The Minnesota Bankruptcy Court determined that that neither 11 U.S.C. § 523(a)(4) nor 11 U.S.C. § 523(a)(6) barred the discharge of the debt. The Bankruptcy Appellate Panel for the Eighth Circuit affirmed the Minnesota Bankruptcy Court’s decision. The creditor appealed the decision to the Eighth Circuit Court of Appeals.
Section 523(a)(4) bars discharge of a debt for “fraud or defalcation while acting in a fiduciary capacity, embezzlement, or larceny.” The creditor alleged that the debtor-owner was a fiduciary, as required by § 523(a)(4), under both Minnesota law and his common law duties as an officer of an insolvent corporation. The primary contention of the creditor was that Minn. Stat. § 514.02, commonly referred to as the “theft of proceeds” statute, created a fiduciary relationship recognized under § 523(a)(4) of the bankruptcy code. The debtor argued that he was not a fiduciary, and therefore § 523(a)(4) did not apply to make his debt nondischargeable.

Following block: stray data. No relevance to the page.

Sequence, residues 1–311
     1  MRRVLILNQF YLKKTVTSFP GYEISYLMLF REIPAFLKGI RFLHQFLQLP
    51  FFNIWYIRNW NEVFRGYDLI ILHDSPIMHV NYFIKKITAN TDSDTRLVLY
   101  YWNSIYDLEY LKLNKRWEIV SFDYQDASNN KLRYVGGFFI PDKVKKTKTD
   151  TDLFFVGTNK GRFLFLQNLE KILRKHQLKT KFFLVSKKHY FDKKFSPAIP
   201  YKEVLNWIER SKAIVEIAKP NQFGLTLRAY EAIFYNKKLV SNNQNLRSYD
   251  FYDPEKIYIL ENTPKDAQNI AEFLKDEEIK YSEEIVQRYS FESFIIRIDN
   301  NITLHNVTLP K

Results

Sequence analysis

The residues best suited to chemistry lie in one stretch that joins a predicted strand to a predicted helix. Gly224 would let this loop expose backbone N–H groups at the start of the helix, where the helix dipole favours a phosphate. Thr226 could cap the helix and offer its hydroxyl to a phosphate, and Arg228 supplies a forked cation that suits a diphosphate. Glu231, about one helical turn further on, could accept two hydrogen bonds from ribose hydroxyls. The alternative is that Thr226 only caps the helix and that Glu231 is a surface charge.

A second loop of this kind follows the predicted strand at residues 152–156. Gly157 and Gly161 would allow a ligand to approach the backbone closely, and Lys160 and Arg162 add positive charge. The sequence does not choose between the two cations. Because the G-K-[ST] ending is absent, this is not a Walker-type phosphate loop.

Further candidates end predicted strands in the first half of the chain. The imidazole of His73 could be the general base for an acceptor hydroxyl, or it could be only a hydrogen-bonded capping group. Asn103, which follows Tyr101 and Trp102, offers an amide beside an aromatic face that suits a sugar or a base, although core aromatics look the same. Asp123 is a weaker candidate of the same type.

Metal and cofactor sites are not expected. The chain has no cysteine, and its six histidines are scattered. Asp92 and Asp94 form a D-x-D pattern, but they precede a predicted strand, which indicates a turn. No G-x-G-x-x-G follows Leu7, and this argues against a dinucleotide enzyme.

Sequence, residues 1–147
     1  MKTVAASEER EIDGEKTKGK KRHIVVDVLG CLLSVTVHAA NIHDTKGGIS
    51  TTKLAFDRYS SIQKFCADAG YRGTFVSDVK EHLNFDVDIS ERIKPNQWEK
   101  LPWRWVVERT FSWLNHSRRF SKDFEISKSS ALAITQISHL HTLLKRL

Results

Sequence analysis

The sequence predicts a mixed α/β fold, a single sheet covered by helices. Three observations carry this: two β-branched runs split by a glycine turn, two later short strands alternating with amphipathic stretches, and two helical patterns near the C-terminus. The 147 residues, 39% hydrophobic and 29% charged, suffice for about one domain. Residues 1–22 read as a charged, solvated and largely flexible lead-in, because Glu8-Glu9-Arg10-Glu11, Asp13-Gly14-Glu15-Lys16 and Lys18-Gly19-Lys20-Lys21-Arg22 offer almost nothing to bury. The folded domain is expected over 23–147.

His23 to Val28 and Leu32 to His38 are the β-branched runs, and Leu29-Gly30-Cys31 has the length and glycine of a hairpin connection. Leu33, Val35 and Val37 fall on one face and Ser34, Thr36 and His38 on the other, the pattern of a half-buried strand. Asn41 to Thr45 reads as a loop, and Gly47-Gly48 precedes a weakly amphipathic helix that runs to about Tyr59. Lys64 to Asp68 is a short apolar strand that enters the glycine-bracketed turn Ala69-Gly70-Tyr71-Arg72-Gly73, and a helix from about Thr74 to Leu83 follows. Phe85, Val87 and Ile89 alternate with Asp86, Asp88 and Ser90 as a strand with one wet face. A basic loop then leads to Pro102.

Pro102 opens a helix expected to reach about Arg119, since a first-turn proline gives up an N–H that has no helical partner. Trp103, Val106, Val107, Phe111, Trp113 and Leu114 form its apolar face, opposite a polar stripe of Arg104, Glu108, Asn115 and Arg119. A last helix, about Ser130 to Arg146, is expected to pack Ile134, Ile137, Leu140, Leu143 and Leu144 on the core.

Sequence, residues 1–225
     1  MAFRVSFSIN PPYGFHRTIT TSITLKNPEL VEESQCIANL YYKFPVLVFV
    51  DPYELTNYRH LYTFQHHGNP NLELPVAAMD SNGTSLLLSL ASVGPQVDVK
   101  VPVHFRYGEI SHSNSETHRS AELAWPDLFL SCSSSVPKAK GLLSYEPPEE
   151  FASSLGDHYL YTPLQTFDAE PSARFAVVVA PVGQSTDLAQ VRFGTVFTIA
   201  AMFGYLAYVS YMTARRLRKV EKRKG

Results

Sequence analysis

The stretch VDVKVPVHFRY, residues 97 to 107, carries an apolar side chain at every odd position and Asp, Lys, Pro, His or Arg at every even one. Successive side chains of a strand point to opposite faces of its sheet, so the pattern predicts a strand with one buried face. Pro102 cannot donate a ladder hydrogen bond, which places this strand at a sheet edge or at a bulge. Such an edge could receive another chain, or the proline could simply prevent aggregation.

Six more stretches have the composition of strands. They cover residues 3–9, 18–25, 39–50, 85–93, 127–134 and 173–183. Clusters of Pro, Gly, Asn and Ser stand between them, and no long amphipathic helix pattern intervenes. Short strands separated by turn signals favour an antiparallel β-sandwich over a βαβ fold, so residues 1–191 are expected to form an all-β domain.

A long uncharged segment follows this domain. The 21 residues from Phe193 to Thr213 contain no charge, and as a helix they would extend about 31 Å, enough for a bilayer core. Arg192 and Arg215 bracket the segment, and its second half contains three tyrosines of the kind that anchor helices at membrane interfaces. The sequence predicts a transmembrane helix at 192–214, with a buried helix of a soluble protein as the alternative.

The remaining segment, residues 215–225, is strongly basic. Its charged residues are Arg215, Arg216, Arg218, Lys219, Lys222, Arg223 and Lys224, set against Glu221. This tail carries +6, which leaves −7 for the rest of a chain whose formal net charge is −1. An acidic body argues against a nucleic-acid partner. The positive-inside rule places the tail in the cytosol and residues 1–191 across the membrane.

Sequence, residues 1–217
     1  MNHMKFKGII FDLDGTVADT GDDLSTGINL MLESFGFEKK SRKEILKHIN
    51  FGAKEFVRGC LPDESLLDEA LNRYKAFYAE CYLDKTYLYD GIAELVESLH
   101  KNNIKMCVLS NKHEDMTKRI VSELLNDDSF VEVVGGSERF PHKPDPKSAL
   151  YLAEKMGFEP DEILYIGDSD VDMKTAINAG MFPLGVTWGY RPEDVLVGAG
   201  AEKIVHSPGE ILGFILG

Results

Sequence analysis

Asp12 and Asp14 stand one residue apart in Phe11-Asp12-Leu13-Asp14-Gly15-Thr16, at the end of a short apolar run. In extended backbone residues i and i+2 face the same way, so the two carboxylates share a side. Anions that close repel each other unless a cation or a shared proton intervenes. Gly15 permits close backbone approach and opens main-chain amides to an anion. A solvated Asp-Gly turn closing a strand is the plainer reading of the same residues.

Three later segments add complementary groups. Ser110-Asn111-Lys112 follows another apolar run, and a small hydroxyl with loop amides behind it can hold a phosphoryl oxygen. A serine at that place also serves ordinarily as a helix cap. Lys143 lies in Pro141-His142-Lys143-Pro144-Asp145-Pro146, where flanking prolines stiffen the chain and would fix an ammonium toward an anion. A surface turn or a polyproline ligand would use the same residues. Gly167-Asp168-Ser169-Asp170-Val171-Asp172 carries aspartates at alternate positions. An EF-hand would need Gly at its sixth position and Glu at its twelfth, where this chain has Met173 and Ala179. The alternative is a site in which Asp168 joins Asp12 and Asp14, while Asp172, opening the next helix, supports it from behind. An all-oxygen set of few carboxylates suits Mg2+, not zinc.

Minn. Stat. § 514.02, subd. 1(a) provides that proceeds of payments received by a person contributing to an improvement in real estate “shall be held in trust by that person for the benefit of those persons who furnished the labor, skill, material, or machinery contributing to the improvement.” The statute adds, however, that nothing contained in that subdivision “shall require money to be placed in a separate account and not co-mingled with other money of the person receiving payment or create a fiduciary liability or tort liability” on the part of a person receiving payment. Id.